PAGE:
N2 - Memory traces for words are frequently conceptualized neurobiologically as networks of neurons interconnected via reciprocal links developed through associative learning in the process of language acquisition. Neurophysiological reflection of activation of such memory traces has been reported using the mismatch negativity brain potential (MMN), which demonstrates an enhanced response to meaningful words over meaningless items. This enhancement is believed to be generated by the activation of strongly intraconnected long-term memory circuits for words that can be automatically triggered by spoken linguistic input and that are absent for unfamiliar phonological stimuli. This conceptual framework critically predicts different amounts of activation depending on the strength of the word's lexical representation in the brain. The frequent use of words should lead to more strongly connected representations, whereas less frequent items would be associated with more weakly linked circuits. A word with higher frequency of occurrence in the subject's language should therefore lead to a more pronounced lexical MMN response than its low-frequency counterpart. We tested this prediction by comparing the event-related potentials elicited by low- and high-frequency words in a passive oddball paradigm; physical stimulus contrasts were kept identical. We found that, consistent with our prediction, presenting the high-frequency stimulus led to a significantly more pronounced MMN response relative to the low-frequency one, a finding that is highly similar to previously reported MMN enhancement to words over meaningless pseudowords. Furthermore, activation elicited by the higher-frequency word peaked earlier relative to low-frequency one, suggesting more rapid access to frequently used lexical entries. These results lend further support to the above view on word memory traces as strongly connected assemblies of neurons. The speed and magnitude of their activation appears to be linked to the strength of internal connections in a memory circuit, which is in turn determined by the everyday use of language elements.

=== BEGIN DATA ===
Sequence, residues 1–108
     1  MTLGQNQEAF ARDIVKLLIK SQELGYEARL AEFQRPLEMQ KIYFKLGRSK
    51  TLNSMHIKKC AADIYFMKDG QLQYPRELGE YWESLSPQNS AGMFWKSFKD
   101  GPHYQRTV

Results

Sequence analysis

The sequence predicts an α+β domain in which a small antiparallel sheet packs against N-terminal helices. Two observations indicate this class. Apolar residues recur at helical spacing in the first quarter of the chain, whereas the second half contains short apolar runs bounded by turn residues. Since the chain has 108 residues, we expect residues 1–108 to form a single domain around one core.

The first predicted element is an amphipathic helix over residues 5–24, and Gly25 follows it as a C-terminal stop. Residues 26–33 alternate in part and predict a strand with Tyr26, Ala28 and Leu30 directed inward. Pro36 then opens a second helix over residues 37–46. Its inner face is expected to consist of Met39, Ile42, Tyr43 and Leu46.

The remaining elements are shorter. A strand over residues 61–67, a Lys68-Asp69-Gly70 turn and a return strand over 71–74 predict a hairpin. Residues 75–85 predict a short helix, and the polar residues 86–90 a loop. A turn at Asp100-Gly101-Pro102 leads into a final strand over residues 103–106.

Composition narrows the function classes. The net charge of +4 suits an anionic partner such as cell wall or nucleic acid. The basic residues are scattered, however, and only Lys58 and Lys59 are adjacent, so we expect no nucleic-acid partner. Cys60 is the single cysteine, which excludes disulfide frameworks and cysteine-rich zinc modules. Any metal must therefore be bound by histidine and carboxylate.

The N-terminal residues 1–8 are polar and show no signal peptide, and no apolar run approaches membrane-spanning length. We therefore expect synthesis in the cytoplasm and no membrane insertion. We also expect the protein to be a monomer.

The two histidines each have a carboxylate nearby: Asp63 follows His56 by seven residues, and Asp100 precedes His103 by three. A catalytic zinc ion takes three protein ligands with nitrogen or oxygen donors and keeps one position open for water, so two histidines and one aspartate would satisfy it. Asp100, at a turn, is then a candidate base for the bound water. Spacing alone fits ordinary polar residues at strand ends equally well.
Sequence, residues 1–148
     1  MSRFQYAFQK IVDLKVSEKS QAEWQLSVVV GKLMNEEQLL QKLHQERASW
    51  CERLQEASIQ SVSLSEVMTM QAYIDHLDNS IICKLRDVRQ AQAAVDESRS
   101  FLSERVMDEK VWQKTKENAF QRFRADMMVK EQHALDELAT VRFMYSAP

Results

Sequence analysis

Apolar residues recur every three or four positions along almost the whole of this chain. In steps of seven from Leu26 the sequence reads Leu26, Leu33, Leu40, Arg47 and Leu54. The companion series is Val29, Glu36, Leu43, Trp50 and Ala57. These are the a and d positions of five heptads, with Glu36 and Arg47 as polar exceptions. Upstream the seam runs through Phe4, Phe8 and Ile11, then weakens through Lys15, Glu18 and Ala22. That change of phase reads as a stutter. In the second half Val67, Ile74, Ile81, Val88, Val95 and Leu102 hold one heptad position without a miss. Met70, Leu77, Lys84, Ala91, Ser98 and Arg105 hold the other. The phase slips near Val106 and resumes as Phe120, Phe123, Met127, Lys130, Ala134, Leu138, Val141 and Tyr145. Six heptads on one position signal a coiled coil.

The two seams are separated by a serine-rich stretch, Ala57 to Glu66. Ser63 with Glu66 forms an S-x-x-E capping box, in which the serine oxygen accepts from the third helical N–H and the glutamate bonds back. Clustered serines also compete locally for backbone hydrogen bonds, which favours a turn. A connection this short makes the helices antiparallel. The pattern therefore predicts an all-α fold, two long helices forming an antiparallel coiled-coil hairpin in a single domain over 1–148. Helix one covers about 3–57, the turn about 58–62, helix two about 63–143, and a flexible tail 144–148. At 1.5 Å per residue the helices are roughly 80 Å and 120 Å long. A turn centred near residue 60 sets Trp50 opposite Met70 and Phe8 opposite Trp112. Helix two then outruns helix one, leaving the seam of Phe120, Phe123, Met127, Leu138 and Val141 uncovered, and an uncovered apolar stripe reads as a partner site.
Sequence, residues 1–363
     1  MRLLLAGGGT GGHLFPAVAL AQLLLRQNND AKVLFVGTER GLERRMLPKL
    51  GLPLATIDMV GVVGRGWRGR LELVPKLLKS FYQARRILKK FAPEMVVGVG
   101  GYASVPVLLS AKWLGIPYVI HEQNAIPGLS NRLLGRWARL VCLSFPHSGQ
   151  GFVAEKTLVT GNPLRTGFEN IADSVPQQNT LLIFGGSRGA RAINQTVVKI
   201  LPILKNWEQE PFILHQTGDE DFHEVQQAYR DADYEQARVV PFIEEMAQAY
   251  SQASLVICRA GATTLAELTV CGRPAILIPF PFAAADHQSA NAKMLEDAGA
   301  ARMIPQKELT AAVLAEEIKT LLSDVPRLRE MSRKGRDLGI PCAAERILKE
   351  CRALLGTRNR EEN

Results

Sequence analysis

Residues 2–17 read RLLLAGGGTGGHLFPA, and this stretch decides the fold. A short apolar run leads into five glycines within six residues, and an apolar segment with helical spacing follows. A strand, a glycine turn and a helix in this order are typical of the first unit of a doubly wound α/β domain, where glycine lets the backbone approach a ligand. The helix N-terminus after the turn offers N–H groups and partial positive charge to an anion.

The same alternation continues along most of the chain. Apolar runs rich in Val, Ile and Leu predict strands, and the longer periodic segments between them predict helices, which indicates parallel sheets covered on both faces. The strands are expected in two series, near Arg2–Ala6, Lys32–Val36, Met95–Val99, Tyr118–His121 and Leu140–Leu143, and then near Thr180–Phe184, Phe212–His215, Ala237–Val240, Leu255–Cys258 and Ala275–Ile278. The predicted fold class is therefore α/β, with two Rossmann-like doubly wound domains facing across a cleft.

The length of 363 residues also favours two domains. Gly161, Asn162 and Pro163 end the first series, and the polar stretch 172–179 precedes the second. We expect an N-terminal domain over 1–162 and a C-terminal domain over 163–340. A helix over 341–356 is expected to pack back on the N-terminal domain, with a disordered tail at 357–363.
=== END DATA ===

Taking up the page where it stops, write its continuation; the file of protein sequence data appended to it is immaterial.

AB - Memory traces for words are frequently conceptualized neurobiologically as networks of neurons interconnected via reciprocal links developed through associative learning in the process of language acquisition. Neurophysiological reflection of activation of such memory traces has been reported using the mismatch negativity brain potential (MMN), which demonstrates an enhanced response to meaningful words over meaningless items. This enhancement is believed to be generated by the activation of strongly intraconnected long-term memory circuits for words that can be automatically triggered by spoken linguistic input and that are absent for unfamiliar phonological stimuli. This conceptual framework critically predicts different amounts of activation depending on the strength of the word's lexical representation in the brain. The frequent use of words should lead to more strongly connected representations, whereas less frequent items would be associated with more weakly linked circuits. A word with higher frequency of occurrence in the subject's language should therefore lead to a more pronounced lexical MMN response than its low-frequency counterpart. We tested this prediction by comparing the event-related potentials elicited by low- and high-frequency words in a passive oddball paradigm; physical stimulus contrasts were kept identical. We found that, consistent with our prediction, presenting the high-frequency stimulus led to a significantly more pronounced MMN response relative to the low-frequency one, a finding that is highly similar to previously reported MMN enhancement to words over meaningless pseudowords. Furthermore, activation elicited by the higher-frequency word peaked earlier relative to low-frequency one, suggesting more rapid access to frequently used lexical entries. These results lend further support to the above view on word memory traces as strongly connected assemblies of neurons. The speed and magnitude of their activation appears to be linked to the strength of internal connections in a memory circuit, which is in turn determined by the everyday use of language elements.

KW - Acoustic Stimulation Electrophysiological Phenomena Evoked Potentials/physiology Female Humans Linguistics Male Memory/physiology Nervous System Physiological Phenomena Sound Spectrography Young Adult

U2 - 10.1371/journal.pone.0022999

DO - 10.1371/journal.pone.0022999

M3 - Journal article

C2 - 21853063

VL - 6

SP - e22999

JO - P L o S One

JF - P L o S One

SN - 1932-6203

ER -